Using a single strand attachment, like violin maker Roger Lanne in Paris is doing at present.
Many other experiments need to be done regarding tail pieces.
The gap between the strands of tail gut as they come out of the tailpiece could be modified. This could influence the bridge's freedom of movement.
Various weights and various woods could be tried. Each tailpiece has a particular resonant frequency, and its material has an acoustical transmission speed (I am referring to Lucchi's tester used by many bow makers).
Is the sound frequency of the part itself important? Does a tailpiece need to be tuned? Could it be tuned like a xylophone key, to get a particular note, often from from G to E. Could the tuning of a tailpiece have some good effect for an instrument with a ``wolf,'' or a hole on a note?
The breakover angle of the string at the bridge is also interesting. The French tailpieces are rounded to match the shape of the bridge. The Hill tailpieces are flatter, somewhat like the baroque tailpieces, and the breakover angle of A and C is weaker than D and G.
How can we validate the « progress » or the « results » of our experiments? It is a problem for me.
Now I would like to tell you about the pernambucco story.
Some years ago, an experiment on fittings was started by a French luthier in Tokyo; specifically, on tailpieces, made in pernambuco. I was the maker of those tailpieces. In the beginning, I was doubtful about the qualities of this wood, and I thought that the commercial and/or charismatic capacities of this luthier were conditioning the trend.
According to the musicians, the results were miraculous. . But where did these results come from? From their imagination, or actually from the pernambucco?
I tried an experiment with two groups of violin makers: I asked the ones in the first group (people open to new experiments) to try this new extraordinary tailpiece. A second group, selected from violin makers who were more doubtful, was also asked to try this tailpiece.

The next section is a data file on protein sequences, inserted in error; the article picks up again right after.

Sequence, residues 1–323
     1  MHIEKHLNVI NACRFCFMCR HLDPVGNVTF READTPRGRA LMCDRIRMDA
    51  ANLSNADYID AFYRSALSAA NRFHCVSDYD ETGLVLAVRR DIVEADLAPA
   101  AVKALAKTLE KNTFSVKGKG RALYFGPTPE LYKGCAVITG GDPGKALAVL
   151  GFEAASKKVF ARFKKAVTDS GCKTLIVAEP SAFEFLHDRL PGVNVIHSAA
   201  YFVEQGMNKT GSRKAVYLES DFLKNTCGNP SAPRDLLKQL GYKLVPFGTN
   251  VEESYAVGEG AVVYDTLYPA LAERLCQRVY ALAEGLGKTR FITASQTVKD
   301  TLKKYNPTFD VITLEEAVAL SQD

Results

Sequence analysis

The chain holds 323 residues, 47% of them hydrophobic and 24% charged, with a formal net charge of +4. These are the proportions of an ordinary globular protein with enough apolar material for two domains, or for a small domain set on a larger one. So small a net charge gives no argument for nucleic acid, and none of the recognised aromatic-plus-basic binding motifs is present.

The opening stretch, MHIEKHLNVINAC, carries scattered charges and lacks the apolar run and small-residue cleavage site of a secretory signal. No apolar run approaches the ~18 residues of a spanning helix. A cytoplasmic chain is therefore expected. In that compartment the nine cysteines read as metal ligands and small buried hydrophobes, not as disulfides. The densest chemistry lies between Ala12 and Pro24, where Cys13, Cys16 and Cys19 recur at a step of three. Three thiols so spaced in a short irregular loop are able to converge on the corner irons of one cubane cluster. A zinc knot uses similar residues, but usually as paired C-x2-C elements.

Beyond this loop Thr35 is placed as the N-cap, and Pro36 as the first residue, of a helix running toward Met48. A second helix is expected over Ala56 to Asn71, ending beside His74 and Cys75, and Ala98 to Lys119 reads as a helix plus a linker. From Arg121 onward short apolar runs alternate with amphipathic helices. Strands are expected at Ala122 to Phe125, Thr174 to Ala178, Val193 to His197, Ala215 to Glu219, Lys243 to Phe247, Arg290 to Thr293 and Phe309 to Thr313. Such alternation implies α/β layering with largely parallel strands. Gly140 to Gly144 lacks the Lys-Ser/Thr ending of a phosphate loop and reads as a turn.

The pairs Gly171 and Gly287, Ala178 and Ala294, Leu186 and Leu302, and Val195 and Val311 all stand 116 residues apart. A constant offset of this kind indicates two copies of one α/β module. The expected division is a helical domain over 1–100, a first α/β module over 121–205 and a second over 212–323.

The results from both groups were perfectly identical: six out of ten found some improvement: fast and better sound emission, opening up of the instrument and, sometimes, reduction of certain unwanted noises. The conclusion is that in this situation, the product spoke for itself without too much Ä or in spite of Ä human interferences; the experiment can be considered valid. I have doubts about the validity of experimental methods, as I know that an instrument will never be set- up or played twice in the same way. The results, even if they are real, will not be applicable to your neighbor's instrument. ..
As I indicated, the evolution of the tail piece in the last century caused it to become a ``foreign'' part of the instrument.
Its modifictions were due :
*to the violin-making industry, which neglected to take into account the role of acoustical transmission played by the tailpiece (as well as the importance of using good wood),
*and also by the musicians, who required fine tuners for a comfort rather normal nowadays. The results were an addition of weight detrimental to the sound quality.
Both the violin maker and the musician often neglect the fittings and consider them only for their mechanical function they seem almost invisible as long as they function.
You are more likely to notice your car or your telephone when they are out of order!
So, perhaps it is natural to see a shiny plastic tailpiece on a Strad at Sotheby's. The tailpiece is ... « transparent » !